Can Positive Psychology Improve Psychological Well-Being and Economic Decision-Making? Experimental Evidence from Kenya
Johannes Haushofer () and
Economic Development and Cultural Change, 2020, vol. 68, issue 4, 1345 - 1376
We conduct a randomized experiment to evaluate the effect of a light-touch, low-cost psychological intervention on psychological well-being and economic decision-making in a developing country setting. Residents of an informal settlement in Kenya were randomly assigned to participate in best-practice exercises designed to promote gratitude, self-affirmation, and aspirations. We show that although we were successful in manipulating the psychological construct (reported gratitude increased by 0.3 standard deviation), there is no evidence that the intervention affected overall psychological well-being, beliefs, or aspirations. We also see no effects on real-incentive tasks measuring cognitive control or temporal discounting. Our results are important because light-touch positive psychology interventions are being widely promoted in workplaces and schools worldwide as a low-cost way to dramatically improve psychological well-being.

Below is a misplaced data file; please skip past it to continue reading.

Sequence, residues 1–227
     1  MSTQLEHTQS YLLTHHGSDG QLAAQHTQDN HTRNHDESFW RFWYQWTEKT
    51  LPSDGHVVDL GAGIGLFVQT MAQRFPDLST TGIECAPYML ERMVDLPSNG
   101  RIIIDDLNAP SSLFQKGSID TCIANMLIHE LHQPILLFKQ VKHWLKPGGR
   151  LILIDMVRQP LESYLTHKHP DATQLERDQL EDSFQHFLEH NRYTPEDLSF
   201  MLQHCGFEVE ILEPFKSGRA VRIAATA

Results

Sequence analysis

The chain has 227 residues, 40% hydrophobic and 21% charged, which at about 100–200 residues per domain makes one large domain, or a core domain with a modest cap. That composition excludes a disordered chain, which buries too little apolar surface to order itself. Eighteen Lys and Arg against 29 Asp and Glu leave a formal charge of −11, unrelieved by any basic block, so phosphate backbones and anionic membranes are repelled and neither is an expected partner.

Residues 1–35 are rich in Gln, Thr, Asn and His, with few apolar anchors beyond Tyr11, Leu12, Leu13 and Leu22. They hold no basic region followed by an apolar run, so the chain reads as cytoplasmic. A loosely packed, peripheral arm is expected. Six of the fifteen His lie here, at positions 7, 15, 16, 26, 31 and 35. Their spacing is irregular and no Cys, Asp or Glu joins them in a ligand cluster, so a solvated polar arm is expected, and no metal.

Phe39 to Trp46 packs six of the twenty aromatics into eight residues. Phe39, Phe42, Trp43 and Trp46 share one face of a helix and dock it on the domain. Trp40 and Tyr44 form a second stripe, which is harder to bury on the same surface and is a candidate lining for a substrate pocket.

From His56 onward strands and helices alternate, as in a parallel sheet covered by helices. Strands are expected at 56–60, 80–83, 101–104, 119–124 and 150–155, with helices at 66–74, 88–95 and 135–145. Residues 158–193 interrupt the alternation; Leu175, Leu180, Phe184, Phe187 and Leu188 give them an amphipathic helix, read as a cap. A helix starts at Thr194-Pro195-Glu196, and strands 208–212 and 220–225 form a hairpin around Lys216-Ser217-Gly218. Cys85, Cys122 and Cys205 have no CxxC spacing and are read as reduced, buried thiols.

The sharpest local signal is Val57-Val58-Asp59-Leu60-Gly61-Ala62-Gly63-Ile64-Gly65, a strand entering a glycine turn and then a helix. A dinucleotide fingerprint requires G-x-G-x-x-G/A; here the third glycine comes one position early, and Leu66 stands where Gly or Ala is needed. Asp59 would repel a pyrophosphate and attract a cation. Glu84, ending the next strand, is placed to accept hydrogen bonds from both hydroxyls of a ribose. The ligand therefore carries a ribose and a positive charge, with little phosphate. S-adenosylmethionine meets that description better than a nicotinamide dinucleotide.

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Persistent link: https://EconPapers.repec.org/RePEc:ucp:ecdecc:doi:10.1086/702860
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